Is Thorbjorn Olesen The Next Dominant European Golfer?
After an impressive win last week, is Thorbjorn “Thunderbear” Olesen the next dominant European golfer?
Any time a golfer posts a 62 and breaks the course record in tournament play, it’s attention-grabbing, and that’s just what Thorbjorn Olesen, otherwise known as “Thunderbear,” did in round two on his way to a victory in the Turkish Airlines Open.
After 36 holes, Olesen was six ahead of the field. By the end of the week, he had four rounds in the 60s, and two of them were low, a 65 and 62. He told the media on site after his victory that he wanted to get to 22-under par on Sunday, but he wasn’t able to do it and had to settle for 20-under and a three-shot lead at the end.
“It was very difficult those last four holes,” the Dane admitted. “Before that, I felt like I played some really, really great golf this week and was very pleased with the way I did it. I was striking the ball a lot better.”
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Some thought, nearly four years ago, when Olesen finished sixth in the 2013 Masters and earned enough money to get a temporary exemption on the PGA Tour, that he was sure to be the next big thing. But he was unable to play his way into a permanent PGA Tour membership and returned to Europe.
Now, with four victories on the European Tour since 2012, he is beginning to make a statement again. Until he hit a bad patch of play this summer, he was thinking Ryder Cup. He had a shot at the 2016 team, but played poorly in big events during the summer, and it didn’t stop there. He missed the cut in seven of the last 10 events prior to the event in Turkey.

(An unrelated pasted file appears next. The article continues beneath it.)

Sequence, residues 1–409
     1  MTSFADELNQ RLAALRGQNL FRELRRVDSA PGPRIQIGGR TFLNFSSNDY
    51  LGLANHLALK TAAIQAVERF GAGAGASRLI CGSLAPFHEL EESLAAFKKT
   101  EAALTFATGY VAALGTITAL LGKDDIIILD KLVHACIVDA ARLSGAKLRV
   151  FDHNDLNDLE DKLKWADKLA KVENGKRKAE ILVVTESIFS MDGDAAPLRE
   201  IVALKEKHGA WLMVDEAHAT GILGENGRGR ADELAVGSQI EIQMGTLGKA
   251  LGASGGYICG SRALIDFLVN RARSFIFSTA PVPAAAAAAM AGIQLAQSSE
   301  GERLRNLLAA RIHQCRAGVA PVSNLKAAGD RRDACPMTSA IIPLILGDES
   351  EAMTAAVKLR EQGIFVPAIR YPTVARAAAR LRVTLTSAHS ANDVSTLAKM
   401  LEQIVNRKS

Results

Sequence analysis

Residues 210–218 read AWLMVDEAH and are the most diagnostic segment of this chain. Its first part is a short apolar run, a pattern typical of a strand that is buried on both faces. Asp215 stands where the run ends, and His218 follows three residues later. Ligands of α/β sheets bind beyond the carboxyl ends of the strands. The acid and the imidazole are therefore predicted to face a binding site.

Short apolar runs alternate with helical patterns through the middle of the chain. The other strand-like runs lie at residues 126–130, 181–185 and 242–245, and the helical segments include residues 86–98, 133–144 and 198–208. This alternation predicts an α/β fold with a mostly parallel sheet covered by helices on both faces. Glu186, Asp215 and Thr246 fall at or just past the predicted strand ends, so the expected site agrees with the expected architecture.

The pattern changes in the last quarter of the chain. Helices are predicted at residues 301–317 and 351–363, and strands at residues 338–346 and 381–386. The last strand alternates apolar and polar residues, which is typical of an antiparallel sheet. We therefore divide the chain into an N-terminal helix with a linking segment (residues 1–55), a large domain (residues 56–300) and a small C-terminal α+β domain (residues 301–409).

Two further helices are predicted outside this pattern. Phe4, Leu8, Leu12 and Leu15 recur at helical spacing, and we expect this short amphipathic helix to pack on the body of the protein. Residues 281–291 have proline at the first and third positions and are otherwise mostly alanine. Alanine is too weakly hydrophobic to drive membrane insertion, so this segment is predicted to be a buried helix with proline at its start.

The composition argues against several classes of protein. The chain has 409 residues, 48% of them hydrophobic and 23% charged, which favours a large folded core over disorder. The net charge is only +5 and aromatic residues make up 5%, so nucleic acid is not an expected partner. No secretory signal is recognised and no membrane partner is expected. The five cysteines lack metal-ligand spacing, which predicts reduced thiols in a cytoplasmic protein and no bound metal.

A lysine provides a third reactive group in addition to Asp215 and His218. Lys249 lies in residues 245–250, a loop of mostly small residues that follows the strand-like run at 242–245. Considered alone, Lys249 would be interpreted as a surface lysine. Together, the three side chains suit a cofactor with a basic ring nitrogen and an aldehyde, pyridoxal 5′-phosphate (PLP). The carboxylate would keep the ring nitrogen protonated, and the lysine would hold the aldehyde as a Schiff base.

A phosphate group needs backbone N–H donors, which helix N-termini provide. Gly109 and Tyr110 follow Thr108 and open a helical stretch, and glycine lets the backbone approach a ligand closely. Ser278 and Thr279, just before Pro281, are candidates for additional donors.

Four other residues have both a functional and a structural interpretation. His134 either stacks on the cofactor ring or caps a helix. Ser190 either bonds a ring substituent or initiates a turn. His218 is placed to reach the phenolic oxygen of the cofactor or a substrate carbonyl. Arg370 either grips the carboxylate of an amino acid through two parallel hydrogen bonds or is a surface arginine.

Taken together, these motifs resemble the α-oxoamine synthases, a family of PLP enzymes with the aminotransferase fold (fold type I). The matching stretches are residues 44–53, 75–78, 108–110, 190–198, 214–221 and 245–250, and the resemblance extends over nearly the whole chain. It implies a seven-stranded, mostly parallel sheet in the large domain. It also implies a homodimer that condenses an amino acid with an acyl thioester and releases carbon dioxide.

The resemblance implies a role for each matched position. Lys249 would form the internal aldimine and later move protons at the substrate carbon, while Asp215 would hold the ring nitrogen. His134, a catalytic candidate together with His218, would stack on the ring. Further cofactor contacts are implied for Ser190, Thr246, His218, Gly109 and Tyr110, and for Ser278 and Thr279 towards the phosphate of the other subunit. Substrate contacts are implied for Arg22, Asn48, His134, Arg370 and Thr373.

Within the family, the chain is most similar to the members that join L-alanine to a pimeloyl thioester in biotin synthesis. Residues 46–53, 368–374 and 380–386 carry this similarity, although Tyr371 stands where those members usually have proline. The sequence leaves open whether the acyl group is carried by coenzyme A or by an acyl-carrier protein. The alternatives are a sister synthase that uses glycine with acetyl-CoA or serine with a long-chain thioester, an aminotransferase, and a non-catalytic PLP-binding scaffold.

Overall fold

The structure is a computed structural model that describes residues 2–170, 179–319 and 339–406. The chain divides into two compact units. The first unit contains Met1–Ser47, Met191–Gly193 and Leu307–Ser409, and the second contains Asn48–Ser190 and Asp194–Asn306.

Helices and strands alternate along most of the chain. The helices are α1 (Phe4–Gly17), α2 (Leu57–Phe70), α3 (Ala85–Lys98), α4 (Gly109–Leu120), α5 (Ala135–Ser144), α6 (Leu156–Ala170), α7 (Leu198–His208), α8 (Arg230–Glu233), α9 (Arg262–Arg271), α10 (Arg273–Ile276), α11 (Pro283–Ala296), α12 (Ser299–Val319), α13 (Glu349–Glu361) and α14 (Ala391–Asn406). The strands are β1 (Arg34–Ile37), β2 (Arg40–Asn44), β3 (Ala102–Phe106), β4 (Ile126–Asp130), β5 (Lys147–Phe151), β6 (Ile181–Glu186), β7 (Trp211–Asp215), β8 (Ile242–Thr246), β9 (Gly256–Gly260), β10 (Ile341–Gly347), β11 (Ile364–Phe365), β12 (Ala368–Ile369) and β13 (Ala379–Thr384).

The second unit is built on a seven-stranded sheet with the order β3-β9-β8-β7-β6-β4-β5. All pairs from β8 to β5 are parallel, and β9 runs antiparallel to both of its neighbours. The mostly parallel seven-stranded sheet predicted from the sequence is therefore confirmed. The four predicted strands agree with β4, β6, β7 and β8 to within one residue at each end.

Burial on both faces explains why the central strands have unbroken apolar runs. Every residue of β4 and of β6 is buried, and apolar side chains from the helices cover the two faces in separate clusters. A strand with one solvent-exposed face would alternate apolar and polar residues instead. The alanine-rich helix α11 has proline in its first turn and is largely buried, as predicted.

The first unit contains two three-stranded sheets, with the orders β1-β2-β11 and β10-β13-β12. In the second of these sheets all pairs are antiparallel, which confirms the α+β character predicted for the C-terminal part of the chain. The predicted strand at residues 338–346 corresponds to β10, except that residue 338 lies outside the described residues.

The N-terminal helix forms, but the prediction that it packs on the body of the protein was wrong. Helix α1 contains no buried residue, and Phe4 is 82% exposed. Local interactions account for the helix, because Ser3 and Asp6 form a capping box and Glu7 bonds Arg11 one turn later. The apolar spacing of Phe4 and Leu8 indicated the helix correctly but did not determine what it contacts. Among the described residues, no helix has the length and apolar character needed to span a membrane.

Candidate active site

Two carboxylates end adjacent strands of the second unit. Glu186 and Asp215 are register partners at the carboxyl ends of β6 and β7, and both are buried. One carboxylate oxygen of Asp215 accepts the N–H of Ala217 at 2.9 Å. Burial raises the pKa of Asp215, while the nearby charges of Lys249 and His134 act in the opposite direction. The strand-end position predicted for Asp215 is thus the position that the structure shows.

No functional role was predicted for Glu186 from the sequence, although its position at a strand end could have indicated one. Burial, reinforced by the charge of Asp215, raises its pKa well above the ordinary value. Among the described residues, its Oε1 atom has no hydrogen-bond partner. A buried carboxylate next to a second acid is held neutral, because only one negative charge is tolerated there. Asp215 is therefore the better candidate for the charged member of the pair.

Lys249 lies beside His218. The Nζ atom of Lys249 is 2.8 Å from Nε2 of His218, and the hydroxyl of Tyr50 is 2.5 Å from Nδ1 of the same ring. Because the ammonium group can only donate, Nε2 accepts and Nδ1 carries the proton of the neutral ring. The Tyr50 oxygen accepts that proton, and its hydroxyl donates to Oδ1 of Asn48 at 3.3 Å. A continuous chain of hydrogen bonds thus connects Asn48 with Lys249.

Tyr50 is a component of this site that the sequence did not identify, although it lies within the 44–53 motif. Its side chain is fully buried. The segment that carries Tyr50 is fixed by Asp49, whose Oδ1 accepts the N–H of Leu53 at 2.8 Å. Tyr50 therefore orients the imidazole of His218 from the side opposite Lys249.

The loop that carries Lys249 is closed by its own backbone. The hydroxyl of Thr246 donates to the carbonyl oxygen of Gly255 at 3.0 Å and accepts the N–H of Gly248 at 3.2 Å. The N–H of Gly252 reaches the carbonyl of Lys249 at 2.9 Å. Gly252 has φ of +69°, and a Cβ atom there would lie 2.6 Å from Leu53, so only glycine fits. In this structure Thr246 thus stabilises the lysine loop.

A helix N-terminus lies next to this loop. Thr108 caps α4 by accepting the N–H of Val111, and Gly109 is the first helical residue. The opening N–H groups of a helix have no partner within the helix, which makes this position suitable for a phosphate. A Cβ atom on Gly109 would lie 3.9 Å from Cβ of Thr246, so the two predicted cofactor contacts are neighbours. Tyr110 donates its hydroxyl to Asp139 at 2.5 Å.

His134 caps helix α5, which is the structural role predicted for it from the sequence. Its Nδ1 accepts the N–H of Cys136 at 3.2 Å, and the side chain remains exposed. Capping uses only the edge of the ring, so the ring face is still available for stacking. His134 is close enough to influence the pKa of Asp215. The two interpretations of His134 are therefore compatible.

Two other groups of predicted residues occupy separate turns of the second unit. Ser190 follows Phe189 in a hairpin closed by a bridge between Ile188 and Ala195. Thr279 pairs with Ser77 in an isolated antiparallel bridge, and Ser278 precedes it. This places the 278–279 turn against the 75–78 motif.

“Been a bad spell for me the last three or four months,” he said after the second round. “Played well at the start of the season and felt like I had a good chance to actually make The Ryder Cup Team also, and in the summer there, just got into a bad spell and played bad in the big events.”
Despite the slump, Olesen is talented. There’s no question. Otherwise, why would Ryder Cup vice-captain Thomas Bjorn have brought him to the 2016 Ryder Cup? The Euros are apparently confident that Olesen will soon make the European team.
“It was difficult to be there when you know you’ve been really close to actually making the team, but I tried to learn as much as possible and take it as an experience,” he said. “It gave me a lot of motivation, definitely, to make it in two years’ time, but also it gave me motivation to just go home and work harder and try to win more tournaments and try to play better golf, because it’s so special.”
Olesen had the same golf coach for 15 years until just before the Dunhill in 2015. He then decided to work with someone new, Hugh Marr. They made some changes to his swing.
“I felt like I was comfortable with the changes and felt like I was playing well. And then I got into that bad spell, and yeah, it’s difficult to say why,” he admitted.
He thought perhaps he played too many tournaments in a row.
“A couple of weeks at home, three weeks at home, I really worked hard on my game and felt like I’m prepared when I come out here,” he explained. “Maybe that’s one of the things I need to change.”
While Olesen did not expect to win in Turkey, he said he felt a change in his game three weeks ago at the Portugal Masters.
“I felt like the last few weeks, it’s been really good,” he explained. “I felt like I played really, really nicely in Portugal and couldn’t really get it going but felt like I was playing really well.”
He believes the victory means the hard work he put in finally paid off.
Will his victory at the Turkish Airlines Open be the springboard he needs to step up at the biggest tournaments in 2017? It’s wait and see. He definitely has his eyes set on the 2018 Ryder Cup team and will need more good play over the next two seasons to get there.
“It’s a totally different event and the atmosphere there is so unique,” he said about the event. “It was great for me to actually be there and see it and stand on the first tee and get that experience, and I think if I’m there in two years’ time, I’ll be more prepared.”
Olesen isn’t a kid any more. He’s now 26 and will be 27 in December, but that’s just the prime, historically, for golfers. Watch for him to make more headlines in the months ahead.
And as for the Thunderbear nickname, it’s what Thorbjorn means in Danish.
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